But what I wish most to urge is the tendency of religious establishments to impede the improvement of the world. They are boundaries prescribed by human folly to human investigation; and inclosures which intercept the light and confine the exertions of reason. Let any one imagine to himself what effects similar establishments would have in Philosophy, Navigation, Metaphysicks, Medicine or Mathematicks. Something like this took place in Logick and Philosophy; while the ipse dixit of Aristotle and the nonsense of the schools maintained an authority like that of the creeds of churchmen: And the effect was a longer continuance of the world in the ignorance and barbarity of the dark ages. But civil establishments of religion are more pernicious. So apt are mankind to misrepresent the character of the Deity, and to connect his favour with particular modes of faith, that it must be expected, that a religion so settled will be what it has hitherto been—a gloomy and cruel superstition bearing the name of religion.
It has been long a subject of dispute, which is worst in its effects on society, such a religion or speculative Atheism. For my own part, I could almost give the preference to the latter.—Atheism is so repugnant to every principle of common sense, that it is not possible it should ever gain much ground, or become very prevalent. On the contrary; there is a particular proneness in the human mind to Superstition, and nothing is more likely to become prevalent.—Atheism leaves us to the full influence of most of our natural feelings and social principles; and these are so strong in their operation, that in general they are a sufficient guard to the order of society. But Superstition counteracts these principles, by holding forth men to one another as objects of divine hatred; and by putting them on harrassing, silencing, imprisoning and burning one another in order to do God service.—Atheism is a sanctuary for vice by taking away the motives to virtue arising from the will of God and the fear of a future judgment. But Superstition is more a sanctuary for vice, by teaching men ways of pleasing God without moral virtue, and by leading them even to compound for wickedness by ritual services, by bodily penances and mortifications, by adorning shrines, going pilgrimages, saying many prayers, receiving absolution from the priest, exterminating heretics, &c.—Atheism destroys the sacredness and obligation of an oath. But has there not been also a religion (so called) which has done this, by leading its professors to a persuasion that there exists a power on earth which can dispense with the obligation of oaths, that pious frauds are right, and that faith is not to be kept with heretics?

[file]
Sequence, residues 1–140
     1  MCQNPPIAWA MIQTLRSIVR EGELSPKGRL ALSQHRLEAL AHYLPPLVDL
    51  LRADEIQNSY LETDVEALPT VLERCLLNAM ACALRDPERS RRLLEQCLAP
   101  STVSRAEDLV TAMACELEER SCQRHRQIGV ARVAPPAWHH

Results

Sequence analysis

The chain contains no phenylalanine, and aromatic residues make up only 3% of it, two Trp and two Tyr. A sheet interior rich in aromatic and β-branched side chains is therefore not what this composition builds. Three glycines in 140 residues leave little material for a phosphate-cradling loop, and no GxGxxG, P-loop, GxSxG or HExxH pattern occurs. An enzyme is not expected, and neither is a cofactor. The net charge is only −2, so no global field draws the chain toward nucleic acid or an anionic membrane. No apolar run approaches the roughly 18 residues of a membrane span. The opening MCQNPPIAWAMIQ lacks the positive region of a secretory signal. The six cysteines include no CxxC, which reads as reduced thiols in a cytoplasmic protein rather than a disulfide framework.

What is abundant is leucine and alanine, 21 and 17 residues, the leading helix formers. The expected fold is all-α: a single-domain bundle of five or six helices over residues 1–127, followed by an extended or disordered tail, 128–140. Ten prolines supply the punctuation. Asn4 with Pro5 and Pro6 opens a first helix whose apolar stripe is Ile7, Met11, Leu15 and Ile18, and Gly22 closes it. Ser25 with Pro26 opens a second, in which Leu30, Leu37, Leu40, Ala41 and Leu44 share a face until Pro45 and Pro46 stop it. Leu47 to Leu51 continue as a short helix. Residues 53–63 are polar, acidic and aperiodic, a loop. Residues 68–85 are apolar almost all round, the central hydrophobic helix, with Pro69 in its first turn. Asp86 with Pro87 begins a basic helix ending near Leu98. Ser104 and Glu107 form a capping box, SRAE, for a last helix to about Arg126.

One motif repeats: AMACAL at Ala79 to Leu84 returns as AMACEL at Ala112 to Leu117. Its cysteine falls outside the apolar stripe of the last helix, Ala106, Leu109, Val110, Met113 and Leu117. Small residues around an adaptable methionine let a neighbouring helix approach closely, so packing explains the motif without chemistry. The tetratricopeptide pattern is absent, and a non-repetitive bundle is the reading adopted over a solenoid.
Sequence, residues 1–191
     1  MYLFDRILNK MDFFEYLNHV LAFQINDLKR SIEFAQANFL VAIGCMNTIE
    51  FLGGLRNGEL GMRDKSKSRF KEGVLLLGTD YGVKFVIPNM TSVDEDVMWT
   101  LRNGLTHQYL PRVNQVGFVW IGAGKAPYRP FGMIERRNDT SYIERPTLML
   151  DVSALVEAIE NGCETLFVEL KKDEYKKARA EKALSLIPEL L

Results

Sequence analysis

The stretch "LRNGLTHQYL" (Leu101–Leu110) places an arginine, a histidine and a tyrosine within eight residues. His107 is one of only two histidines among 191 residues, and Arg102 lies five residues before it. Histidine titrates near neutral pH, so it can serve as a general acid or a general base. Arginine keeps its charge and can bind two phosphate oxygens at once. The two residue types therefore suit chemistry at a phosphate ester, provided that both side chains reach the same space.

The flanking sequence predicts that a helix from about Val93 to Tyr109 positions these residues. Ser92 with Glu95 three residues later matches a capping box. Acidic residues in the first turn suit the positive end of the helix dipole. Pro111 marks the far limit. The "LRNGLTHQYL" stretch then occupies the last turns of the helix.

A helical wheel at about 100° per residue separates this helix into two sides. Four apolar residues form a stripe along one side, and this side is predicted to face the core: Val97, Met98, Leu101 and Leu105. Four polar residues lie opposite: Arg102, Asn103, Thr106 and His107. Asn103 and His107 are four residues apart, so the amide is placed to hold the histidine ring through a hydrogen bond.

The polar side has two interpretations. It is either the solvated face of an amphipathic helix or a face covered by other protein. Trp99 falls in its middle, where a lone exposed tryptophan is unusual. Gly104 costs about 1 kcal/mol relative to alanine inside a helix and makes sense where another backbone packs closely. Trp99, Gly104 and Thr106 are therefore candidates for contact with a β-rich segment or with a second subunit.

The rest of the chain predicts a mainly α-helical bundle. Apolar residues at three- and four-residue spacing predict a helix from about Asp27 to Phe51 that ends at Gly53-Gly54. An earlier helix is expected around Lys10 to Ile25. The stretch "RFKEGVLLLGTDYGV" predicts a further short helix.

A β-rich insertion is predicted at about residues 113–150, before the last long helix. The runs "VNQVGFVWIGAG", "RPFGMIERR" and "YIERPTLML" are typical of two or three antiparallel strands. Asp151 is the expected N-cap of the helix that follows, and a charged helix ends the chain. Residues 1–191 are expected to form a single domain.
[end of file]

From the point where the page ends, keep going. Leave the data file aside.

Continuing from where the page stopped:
It is indeed only a rational and liberal religion; a religion founded on just notions of the Deity as a being who regards equally every sincere worshipper, and by whom all are alike favoured as far as they act up to the light they enjoy; a religion which consists in the imitation of the moral perfections of an almighty but benevolent governor of nature, who directs for the best all events, in confidence in the care of his providence, in resignation to his will, and in the faithful discharge of every duty of piety and morality from a regard to his authority and the apprehension of a future righteous retribution.—It is only this religion (the inspiring principle of every thing fair and worthy and joyful, and which in truth is nothing but the love of God and man and virtue warming the heart and directing the conduct.)—It is only this kind of religion that can bless the world, or be an advantage to society.—This is the religion that every enlightened friend to mankind will be zealous to promote. But it is a religion that the powers of the world know little of, and which will always be best promoted by being left free and open.
I cannot help adding here, that such in particular is the Christian religion.—Christianity teaches us that there is none good but one, that is, God; that he willeth all men to be saved, and will punish nothing but wickedness; that he desires mercy and not sacrifice (benevolence rather than rituals); that loving him with all our hearts, and loving our neighbour as ourselves, is the whole of our duty; and that in every nation he that feareth him and worketh righteousness is accepted of him. It rests its authority on the power of God, not of man; refers itself entirely to the understandings of men; makes us the subjects of a kingdom that is not of this world; and requires us to elevate our minds above temporal emoluments, and to look forwards to a state beyond the grave, where a government of perfect virtue will be erected under that Messiah who has tasted death for every man.—What have the powers of the world to do with such a religion?—It disclaims all connexion with them; it made its way at first in opposition to them; and, as far as it is now upheld by them, it is dishonoured and vilified.